Smugglers Use Saws to Cut Through Areas of New Border Wall

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Posted: Nov 02, 2019 5:58 PM
Smugglers Use Saws to Cut Through Areas of New Border Wall

Source: AP Photo/Evan Vucci

When someone breaks out of prison, it doesn't mean the prison was a waste of money, especially if the prison is still under construction. But that's how some people are responding to news that smugglers are using electric saws to cut through new areas of Trump's border wall. If agents can't nab these criminals on smuggling charges, maybe now they can get them for destruction of government property. 

(Via The Washington Post)

SAN DIEGO — Smuggling gangs in Mexico have repeatedly sawed through new sections of President Trump’s border wall in recent months by using commercially available power tools, opening gaps large enough for people and drug loads to pass through, according to U.S. agents and officials with knowledge of the damage.

The breaches have been made using a popular cordless household tool known as a reciprocating saw that retails at hardware stores for as little as $100. When fitted with specialized blades, the saws can slice through one of the barrier’s steel-and-concrete bollards in a matter of minutes, according to the agents, who spoke on the condition of anonymity because they were not authorized to speak publicly about the barrier-defeating techniques.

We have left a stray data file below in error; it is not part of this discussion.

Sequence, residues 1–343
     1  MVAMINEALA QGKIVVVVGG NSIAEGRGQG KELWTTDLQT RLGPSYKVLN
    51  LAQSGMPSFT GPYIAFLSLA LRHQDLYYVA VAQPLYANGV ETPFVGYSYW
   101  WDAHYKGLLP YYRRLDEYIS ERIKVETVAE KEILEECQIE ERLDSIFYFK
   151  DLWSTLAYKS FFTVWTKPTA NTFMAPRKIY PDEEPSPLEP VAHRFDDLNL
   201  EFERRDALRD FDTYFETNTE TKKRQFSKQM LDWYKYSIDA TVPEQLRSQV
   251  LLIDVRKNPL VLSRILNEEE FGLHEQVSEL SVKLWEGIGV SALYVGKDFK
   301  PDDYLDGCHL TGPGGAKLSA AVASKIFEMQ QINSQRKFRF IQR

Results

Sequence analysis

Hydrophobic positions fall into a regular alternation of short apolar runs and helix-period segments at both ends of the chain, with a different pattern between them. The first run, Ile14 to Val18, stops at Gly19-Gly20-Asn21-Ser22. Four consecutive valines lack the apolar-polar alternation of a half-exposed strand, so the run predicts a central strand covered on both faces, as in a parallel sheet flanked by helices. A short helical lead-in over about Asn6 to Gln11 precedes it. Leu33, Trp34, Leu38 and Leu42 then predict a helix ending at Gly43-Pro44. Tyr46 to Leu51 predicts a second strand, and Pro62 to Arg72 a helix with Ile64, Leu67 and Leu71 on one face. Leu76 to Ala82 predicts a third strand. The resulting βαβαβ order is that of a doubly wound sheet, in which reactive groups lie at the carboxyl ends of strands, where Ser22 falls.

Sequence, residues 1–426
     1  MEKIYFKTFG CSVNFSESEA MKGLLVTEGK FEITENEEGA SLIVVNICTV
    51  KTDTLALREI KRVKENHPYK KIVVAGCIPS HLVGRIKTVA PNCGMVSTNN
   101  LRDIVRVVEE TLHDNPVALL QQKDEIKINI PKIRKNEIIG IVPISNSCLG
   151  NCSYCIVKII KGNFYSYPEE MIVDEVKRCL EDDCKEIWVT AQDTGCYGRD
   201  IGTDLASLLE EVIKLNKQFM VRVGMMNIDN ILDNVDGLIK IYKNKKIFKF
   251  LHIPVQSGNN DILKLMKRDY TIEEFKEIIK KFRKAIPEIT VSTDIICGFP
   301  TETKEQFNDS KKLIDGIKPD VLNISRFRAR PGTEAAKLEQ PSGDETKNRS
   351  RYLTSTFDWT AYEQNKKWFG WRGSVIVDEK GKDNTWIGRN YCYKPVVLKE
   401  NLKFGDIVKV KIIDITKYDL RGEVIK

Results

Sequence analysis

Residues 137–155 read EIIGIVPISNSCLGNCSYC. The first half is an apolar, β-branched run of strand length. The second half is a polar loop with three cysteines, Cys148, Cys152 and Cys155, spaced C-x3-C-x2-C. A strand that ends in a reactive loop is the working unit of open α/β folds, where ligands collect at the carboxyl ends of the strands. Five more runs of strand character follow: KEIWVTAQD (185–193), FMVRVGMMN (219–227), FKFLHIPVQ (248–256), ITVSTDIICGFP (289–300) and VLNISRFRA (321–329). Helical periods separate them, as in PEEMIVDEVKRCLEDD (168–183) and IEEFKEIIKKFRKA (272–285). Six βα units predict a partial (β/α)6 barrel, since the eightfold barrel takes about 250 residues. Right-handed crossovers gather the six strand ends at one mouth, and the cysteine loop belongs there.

After cutting through the base of a single bollard, smugglers can push the steel out of the way, allowing an adult to fit through the gap. Because the bollards are so tall — and are attached only to a panel at the very top — their length makes them easier to push aside once they have been cut and are left dangling, according to engineers consulted by The Washington Post.

The breaches have occurred in areas that are still under construction, where electronic sensors capable of detecting vibrations are yet to be installed, according to officials who spoke to The Post. Engineers estimate that it would take between 15 to 20 minutes for a team of smugglers to cut through a bollard, maybe less if the team was larger and had more saws. And multiple blades would likely be needed in order to make a single cut. Instead of a wide-open border, smugglers now have to operate noisy equipment and stand in place for 20 minutes, giving border patrol agents an opportunity to find them. 

It's also reported that smuggling crews have used makeshift ladders to scale the wall, but The Post notes the increased risk of injury and death by using makeshift ladders on a wall equivalent in height to a three-story building. 

Whereas previously smugglers could cross wide open areas of the border, the wall promises to deter smugglers by increasing their risk of apprehension, injury, and death. It is by far one of the best investments our government has ever made, though admittedly that's a pretty low bar.